Indexing names has become a new craze in the church, as far as I can tell.  Apparently it's a way to contribute to genealogical research (and thus baptism for the dead) by poring over downloaded scans of old documents from around the world to interpret the handwritten records of births and deaths and residency and all that great stuff.  Now Mormons can feel like they're offering salvation to countless souls without ever leaving the comfort of their own computer chairs.

Monday, June 25, 2012

2 Nephi 9: Doubt Your Learning Before You Doubt Your Fate

This is a pretty heavy chapter.  And long.  And that means there's plenty to discuss.

Joseph Smith (oops, I mean Jacob) shares a lot of his concepts about the Fall, sin, punishment and mercy.  I remember reading this chapter as a kid and in seminary and it always seemed like such an important chapter.  Look at all this cool stuff he's saying!  What I didn't realize, of course, is that it's complete hogwash.  It sounds like Smith is just making this stuff up off the top of his head.  

Screwing with Cause and Effect
Smith talks a lot about how horrible our fates could be without the Plan of Salvation (although it's not referred to by name).  But the focus is on HOW HORRIBLE OUR FATES WOULD BE and there's no explanation of why they would be so horrible.  In verses 8 through 10, he proclaims:
O the wisdom of God, his mercy and grace!  For behold, if the flesh should rise no more our spirits must become subject to that angel who fell from before the presence of the Eternal God and became the devil, to rise no more.
And our spirits must have become like unto him, and we become devils, angels to a devil, to be shut out from the presence of our God, and to remain with the father of lies, in misery, like unto himself, yea, to that being who beguiled our first parents, who transformeth himself nigh unto an angel of light, and stirreth up the children of men unto secret combinations of murder and all manner of secret works of darkness.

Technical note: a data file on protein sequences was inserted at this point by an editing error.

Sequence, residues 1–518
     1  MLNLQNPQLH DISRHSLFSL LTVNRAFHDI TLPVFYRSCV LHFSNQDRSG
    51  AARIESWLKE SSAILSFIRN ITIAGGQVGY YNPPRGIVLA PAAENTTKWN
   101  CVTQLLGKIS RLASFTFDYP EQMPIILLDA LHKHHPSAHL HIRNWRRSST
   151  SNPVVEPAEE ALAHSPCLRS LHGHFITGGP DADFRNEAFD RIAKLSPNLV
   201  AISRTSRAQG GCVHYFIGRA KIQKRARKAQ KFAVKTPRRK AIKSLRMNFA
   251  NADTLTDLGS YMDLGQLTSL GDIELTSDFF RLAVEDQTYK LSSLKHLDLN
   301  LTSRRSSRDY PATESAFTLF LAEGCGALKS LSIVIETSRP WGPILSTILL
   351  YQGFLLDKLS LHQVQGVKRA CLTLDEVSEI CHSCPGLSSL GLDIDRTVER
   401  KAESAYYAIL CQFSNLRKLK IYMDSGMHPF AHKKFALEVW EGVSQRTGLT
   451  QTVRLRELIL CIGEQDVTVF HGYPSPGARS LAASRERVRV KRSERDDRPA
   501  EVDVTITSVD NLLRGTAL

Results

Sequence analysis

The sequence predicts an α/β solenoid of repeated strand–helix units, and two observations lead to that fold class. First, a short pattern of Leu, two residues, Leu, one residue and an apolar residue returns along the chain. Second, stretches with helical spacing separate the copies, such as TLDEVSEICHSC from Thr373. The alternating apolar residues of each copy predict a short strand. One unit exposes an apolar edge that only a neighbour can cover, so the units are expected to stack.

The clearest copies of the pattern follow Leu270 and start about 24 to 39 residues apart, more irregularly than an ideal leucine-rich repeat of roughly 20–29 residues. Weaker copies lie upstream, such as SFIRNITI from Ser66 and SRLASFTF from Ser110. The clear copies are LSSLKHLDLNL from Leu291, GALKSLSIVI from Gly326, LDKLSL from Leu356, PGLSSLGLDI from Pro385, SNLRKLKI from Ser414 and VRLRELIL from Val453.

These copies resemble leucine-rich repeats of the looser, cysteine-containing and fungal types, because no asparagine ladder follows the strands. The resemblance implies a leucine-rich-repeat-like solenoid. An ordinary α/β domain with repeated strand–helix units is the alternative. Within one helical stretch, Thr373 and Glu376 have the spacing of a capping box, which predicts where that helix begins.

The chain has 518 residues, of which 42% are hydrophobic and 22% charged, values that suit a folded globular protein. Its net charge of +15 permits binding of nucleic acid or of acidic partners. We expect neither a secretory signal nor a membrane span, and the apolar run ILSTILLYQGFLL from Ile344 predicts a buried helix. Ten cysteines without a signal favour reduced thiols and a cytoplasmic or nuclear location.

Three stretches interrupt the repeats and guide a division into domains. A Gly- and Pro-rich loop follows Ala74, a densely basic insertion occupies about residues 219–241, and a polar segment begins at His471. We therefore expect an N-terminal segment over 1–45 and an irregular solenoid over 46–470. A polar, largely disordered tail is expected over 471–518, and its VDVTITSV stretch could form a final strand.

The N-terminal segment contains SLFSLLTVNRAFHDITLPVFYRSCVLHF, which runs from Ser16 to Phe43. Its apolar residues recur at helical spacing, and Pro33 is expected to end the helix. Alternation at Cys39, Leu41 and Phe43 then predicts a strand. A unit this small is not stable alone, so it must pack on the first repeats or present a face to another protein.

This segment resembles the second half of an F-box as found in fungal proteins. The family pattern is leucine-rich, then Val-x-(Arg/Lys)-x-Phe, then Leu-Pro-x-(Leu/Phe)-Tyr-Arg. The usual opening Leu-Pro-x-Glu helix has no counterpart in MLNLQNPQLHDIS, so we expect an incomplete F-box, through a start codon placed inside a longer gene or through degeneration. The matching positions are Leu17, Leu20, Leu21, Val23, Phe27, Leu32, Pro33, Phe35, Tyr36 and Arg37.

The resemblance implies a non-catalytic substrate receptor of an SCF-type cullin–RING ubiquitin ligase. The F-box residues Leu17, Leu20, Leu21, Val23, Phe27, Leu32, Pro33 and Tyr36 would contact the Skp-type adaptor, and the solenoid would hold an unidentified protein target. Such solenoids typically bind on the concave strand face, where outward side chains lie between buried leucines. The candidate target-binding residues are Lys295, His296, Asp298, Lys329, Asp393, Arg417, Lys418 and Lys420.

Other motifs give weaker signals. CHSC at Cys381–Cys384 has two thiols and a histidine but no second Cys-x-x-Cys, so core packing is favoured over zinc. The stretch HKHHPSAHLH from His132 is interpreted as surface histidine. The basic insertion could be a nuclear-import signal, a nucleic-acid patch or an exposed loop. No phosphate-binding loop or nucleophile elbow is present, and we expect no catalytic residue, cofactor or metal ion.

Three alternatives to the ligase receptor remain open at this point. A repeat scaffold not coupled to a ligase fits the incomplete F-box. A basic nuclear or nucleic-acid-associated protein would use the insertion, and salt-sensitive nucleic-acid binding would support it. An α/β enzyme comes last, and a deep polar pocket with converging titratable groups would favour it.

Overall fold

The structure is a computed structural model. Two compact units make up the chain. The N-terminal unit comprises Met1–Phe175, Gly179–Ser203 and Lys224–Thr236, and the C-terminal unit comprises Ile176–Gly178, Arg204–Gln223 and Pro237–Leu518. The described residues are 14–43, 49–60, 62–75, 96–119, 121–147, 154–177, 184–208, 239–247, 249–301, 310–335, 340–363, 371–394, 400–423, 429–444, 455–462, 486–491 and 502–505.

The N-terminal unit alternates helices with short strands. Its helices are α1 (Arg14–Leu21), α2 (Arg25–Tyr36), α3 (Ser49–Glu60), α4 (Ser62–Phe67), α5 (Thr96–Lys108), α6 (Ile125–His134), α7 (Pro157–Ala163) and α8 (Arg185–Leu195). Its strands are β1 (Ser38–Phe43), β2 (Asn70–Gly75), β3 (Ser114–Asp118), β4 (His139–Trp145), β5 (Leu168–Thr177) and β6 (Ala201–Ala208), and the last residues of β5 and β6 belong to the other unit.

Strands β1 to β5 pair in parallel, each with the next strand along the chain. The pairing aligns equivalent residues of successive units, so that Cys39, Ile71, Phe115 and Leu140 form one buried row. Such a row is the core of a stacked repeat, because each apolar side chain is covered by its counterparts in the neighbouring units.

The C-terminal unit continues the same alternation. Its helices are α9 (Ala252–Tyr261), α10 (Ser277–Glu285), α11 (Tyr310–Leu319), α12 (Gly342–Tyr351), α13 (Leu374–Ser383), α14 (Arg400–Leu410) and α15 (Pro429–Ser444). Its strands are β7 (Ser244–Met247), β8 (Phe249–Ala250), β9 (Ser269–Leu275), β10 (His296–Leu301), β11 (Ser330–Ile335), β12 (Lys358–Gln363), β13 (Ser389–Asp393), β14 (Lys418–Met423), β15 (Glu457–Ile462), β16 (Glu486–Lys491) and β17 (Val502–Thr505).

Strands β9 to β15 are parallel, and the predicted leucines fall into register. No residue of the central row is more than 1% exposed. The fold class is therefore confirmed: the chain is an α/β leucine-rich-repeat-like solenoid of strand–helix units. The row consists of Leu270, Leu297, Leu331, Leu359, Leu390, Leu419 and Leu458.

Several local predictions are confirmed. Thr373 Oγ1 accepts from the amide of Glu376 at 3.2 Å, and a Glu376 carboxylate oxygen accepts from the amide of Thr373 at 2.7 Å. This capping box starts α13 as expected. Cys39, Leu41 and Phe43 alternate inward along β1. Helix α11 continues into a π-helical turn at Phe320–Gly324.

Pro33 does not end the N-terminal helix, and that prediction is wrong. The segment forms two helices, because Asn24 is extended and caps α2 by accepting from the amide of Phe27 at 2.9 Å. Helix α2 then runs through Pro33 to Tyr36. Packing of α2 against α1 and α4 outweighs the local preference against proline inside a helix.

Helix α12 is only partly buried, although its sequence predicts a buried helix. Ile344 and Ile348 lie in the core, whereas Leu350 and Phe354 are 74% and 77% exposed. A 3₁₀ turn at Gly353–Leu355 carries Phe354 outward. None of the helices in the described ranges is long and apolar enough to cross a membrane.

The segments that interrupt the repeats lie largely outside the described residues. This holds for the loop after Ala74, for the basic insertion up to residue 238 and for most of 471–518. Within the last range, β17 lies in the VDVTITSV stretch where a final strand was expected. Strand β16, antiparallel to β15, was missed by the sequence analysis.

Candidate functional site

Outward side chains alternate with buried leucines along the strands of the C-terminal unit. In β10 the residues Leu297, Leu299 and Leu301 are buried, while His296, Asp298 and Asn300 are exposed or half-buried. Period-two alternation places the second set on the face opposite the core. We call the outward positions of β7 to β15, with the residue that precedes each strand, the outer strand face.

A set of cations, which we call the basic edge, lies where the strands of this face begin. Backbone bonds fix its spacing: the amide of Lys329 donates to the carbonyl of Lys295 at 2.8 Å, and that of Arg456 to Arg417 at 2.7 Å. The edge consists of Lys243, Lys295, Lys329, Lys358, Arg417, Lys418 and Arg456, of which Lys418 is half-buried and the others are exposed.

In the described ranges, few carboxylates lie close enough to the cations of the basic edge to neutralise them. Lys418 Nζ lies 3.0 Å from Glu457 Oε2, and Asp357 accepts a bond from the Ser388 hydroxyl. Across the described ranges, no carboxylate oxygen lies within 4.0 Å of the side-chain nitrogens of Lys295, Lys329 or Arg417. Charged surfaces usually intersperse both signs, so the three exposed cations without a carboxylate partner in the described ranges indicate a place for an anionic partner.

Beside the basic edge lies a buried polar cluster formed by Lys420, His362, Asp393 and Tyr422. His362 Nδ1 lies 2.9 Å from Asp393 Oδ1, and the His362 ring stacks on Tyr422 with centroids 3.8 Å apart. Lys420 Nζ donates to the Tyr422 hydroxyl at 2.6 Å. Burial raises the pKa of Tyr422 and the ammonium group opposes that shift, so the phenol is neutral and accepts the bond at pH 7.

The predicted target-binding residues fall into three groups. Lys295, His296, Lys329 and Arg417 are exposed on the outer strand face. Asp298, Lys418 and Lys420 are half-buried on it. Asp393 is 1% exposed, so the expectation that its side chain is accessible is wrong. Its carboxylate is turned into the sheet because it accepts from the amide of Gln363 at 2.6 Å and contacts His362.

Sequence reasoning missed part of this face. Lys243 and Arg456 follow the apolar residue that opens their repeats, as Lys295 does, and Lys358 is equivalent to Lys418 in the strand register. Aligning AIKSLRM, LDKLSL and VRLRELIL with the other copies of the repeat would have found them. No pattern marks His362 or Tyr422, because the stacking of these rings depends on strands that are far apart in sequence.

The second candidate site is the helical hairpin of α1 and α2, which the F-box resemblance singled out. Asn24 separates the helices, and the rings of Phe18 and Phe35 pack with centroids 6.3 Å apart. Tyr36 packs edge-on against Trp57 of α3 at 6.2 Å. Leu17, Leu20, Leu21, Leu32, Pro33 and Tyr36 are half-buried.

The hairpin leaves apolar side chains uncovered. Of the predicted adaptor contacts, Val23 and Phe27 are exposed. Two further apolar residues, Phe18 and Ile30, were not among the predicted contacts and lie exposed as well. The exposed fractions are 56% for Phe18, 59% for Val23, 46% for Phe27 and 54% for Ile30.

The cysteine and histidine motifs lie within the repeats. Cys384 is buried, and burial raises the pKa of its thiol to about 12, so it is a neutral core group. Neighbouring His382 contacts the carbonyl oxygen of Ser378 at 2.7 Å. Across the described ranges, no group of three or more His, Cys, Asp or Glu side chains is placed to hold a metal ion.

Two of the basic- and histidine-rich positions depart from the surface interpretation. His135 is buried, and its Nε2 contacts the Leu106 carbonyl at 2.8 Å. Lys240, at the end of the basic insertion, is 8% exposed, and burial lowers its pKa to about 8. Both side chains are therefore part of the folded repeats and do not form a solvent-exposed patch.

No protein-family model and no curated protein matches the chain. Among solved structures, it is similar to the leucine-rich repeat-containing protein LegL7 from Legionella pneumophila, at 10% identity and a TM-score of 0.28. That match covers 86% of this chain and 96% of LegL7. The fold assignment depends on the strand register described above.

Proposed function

O how great the goodness of our God, who prepareth a way for our escape from the grasp of this awful monster; yea that monster, death and hell, which I call the death of the body, and also the death of the spirit.
Reading this passage as a faithful Mormon, my reaction was, "Sounds pretty grim.  Good thing God loves us!"

Reading this passage as an unfaithful ex-Mormon, my reaction is, "Wait...exactly how does that work?"  He's saying that if there were no resurrection, our spirits would all be at the mercy of the devil and we'd all be stuck in Hell for an eternity.  But why?

If there's no resurrection, then our bodies would never be reunited with our spirits.  That's all that means.  How does it go from that to being cut of from the presence of God and becoming as evil and miserable as Lucifer himself?  This is the doctrinal equivalent of A + B = Q.  What happened to C?

Teaching People Not to Think
Verses 28 and 29 of this chapter were one of my favorite scripture masteries when I was in seminary.  Besides their intended meaning, I thought these verses were written in a very badass way.  Now they kind of disgust me.  Observe:
O that cunning plan of the evil one!  O the vainness, and the frailties, and the foolishness of men!  When they are learned they think they are wise, and they hearken not unto the counsel of God, for they set it aside, supposing they know of themselves, wherefore, their wisdom is foolishness and it profiteth them not.  And they shall perish.
But to be learned is good if they hearken unto the counsels of God.